Ever since Meghan Markle and Prince Harry's interview with Oprah aired, people can't help but draw comparisons between Meghan Markle and Lady Diana's royal experience. Because clearly, the Royal family could not offer these women the kind of support they needed. To put it simply, their experience was anything but a fairytale.
Here's a look at some of the most striking similarities between Diana and Meghan's royal experience:
1. Not being provided adequate information about the expected code of conduct for the Royal Family.
Both Diana and Meghan talked about how, despite their best efforts to 'fit in', they often felt out of place as Royals. Not because of the rules, but because no one explained to them how to navigate the Royal life.
It was isolating, but it was also a situation where you couldn't indulge in feeling sorry for yourself: you had to either sink or swim. And you had to learn that very fast... No one sat me down with a piece of paper and said: ‘This is what is expected of you.’
- Diana to BBC
I didn’t fully understand what the job was: What does it mean to be a working royal? What do you do? What does that mean? He (Harry) and I were very aligned on our cause-driven work, that was part of our initial connection. But there was no way to understand what the day-to-day was going to be like, and it’s so different because I didn’t romanticise any element of it. As Americans what you do know about the royals is what you read in fairytales. It’s easy to have an image that is so far from reality, and that’s what was so tricky over those past few years, when the perception and the reality are two different things and you’re being judged on the perception but you’re living the reality of it. There’s a complete misalignment and there’s no way to explain that to people.
- Meghan Markle
2. Dealing with excessive media attention, both positive and negative.
Both Diana and Meghan were hounded by the British media, and at times, even vilified in an almost vindictive manner. Not only did the attention severely affect them, but the little to no support the Royal family offered further exacerbated the situation for them.
The most daunting aspect was the media attention, because my husband and I, we were told when we got engaged that the media would go quietly, and it didn't; and then when we were married they said it would go quietly and it didn't; and then it started to focus very much on me, and I seemed to be on the front of a newspaper every single day, which is an isolating experience, and the higher the media put you, place you, is the bigger the drop. And I was very aware of that.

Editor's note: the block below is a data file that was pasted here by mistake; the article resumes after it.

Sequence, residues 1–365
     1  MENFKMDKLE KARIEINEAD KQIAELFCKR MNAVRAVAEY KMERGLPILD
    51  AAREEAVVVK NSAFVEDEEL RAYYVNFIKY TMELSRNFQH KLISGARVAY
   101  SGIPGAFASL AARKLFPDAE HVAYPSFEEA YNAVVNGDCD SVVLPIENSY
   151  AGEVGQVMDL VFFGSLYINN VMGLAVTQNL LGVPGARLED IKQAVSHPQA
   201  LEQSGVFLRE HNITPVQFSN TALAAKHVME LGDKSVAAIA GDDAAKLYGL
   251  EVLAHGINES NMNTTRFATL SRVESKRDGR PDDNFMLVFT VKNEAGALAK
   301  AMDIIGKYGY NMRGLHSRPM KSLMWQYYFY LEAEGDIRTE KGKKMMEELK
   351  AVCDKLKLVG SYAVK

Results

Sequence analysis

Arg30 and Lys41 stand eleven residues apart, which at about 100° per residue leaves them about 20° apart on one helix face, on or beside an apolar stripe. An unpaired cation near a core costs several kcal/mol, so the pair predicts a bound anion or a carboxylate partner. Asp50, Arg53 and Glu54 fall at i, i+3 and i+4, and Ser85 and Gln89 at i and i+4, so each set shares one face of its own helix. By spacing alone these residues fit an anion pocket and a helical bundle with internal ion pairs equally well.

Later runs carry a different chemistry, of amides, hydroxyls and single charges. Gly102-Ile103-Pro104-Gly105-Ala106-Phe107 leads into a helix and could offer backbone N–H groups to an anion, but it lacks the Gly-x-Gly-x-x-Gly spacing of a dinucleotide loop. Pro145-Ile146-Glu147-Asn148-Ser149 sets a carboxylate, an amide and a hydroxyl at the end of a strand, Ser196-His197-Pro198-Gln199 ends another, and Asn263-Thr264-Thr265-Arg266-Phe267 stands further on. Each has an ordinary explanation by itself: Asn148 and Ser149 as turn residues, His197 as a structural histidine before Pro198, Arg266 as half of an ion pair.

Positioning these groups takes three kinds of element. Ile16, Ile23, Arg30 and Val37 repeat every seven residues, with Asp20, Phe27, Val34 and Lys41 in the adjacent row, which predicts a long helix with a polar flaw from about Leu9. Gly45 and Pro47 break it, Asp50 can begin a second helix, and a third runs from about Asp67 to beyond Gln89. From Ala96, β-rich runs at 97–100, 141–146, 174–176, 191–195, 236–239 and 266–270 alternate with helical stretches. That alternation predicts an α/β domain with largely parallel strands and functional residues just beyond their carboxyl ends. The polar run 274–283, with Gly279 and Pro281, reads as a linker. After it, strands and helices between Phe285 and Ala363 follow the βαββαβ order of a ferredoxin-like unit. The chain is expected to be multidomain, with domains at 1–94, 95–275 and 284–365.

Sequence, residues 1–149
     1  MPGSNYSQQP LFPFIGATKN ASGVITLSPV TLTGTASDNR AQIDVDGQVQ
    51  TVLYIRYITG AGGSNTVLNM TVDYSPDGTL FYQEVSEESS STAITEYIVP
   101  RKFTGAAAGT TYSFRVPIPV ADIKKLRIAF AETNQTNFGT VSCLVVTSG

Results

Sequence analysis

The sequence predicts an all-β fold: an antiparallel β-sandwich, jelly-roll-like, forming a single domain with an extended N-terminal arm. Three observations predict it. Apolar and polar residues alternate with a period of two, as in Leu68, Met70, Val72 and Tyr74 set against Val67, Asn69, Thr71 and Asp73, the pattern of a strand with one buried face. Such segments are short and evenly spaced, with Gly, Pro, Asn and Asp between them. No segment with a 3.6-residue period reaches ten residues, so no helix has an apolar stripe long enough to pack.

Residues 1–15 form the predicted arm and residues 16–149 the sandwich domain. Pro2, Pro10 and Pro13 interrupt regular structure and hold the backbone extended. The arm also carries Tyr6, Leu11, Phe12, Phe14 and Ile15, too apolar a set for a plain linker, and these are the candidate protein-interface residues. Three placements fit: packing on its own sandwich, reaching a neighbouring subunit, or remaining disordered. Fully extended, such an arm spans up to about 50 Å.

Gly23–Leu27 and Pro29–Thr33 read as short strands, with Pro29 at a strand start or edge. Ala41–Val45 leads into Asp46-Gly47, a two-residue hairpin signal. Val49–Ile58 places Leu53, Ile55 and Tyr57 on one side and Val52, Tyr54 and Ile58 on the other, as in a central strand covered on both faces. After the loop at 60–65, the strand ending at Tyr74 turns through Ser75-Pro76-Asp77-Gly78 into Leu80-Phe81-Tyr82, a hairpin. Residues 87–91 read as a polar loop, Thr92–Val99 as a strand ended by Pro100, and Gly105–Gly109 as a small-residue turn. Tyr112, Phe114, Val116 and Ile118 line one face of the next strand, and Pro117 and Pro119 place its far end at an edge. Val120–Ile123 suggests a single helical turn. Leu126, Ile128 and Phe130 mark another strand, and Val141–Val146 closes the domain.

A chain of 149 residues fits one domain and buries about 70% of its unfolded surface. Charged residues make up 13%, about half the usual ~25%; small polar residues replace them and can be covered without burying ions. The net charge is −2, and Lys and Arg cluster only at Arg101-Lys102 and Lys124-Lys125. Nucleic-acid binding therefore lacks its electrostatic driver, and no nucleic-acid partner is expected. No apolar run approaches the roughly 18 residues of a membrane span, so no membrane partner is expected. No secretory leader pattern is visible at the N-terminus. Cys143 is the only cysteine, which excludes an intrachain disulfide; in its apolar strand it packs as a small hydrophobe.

Everyone in my world was given very clear directive, from the moment the world knew Harry and I were dating, to always say, ‘No comment’. That’s my friends, my mom, and dad. And we did. I did anything they told me to do — of course I did, because it was also through the lens of, ‘And we’ll protect you’. So, even as things started to roll out in the media that I didn’t see — but my friends would call me and say, ‘Meg, this is really bad’ — because I didn’t see it, I’d go, ‘Don’t worry. I’m being protected’. I believed that. It was only once we were married and everything started to really worsen that I came to understand that not only was I not being protected, but they were willing to lie to protect other members of the family but they weren’t willing to tell the truth to protect me and my husband.
3. On their experience of Royal tours.
For both women, the Australia tour was the start to the end. Because it was one of the first examples of the women being loved by the locals and international media, despite not fitting the bill as per the British media and apparently, even the Royal family.
We went to Alice Springs, to Australia, and we went and did a walkabout, and I said to my husband: `What do I do now?' And he said, `Go over to the other side and speak to them.' I said, `I can't, I just can't.' He said, `Well, you've got to do it.' And he went off and did his bit, and I went off and did my bit. It practically finished me off there and then, and I suddenly realised - I went back to our hotel room and realised the impact that, you know, I had to sort myself out. We had a six-week tour - four weeks in Australia and two weeks in New Zealand - and by the end, when we flew back from New Zealand, I was a different person. I realised the sense of duty, the level of intensity of interest, and the demanding role I now found myself in.
It, coincidentally, was also the first time when both women had to take up Royal duties. Though both did a phenomenal job, as they'd admitted, these duties weren't something they trained for or taught about.
Consequently, the contrast between the image they presented and their actualy reality left both, Diana and Meghan overwhelmed and distraught.
You know, those tours are . . . I’m sure they have beautiful pictures and it looks vibrant, and all of that is true. It’s also really exhausting. Because we were doing our job. Our job was to be on and to smile. And so, when he (reporter Tom Brady) asked me that, I guess I had felt that it had never occurred to anyone that I, that I wasn’t OK, and that I had really been suffering.
4. Experience a complete change of lifestyle in a very short span of time, and being forced to hide/alter their true self.
Both Diana and Meghan were, with an alarming speed, thrust into a life very different from the one they'd led before their marraige. And that had an indelible impact on their spirit and sense of being.
In the space of a year my whole life had changed, turned upside down, and it had its wonderful moments, but it also had challenging moments. And I could see where the rough edges needed to be smoothed. Maybe I was the first person ever to be in this family who ever had a depression (post-natal) or was ever openly tearful. And obviously that was daunting, because if you've never seen it before how do you support it? And it gave everybody a wonderful new label - Diana's unstable and Diana's mentally unbalanced.
I’ve always worked. I’ve always valued independence. I’ve always been outspoken, especially about women’s rights. I mean, that’s the sad irony of the last four years . . . is I’ve advocated for so long for women to use their voice, and then I was silent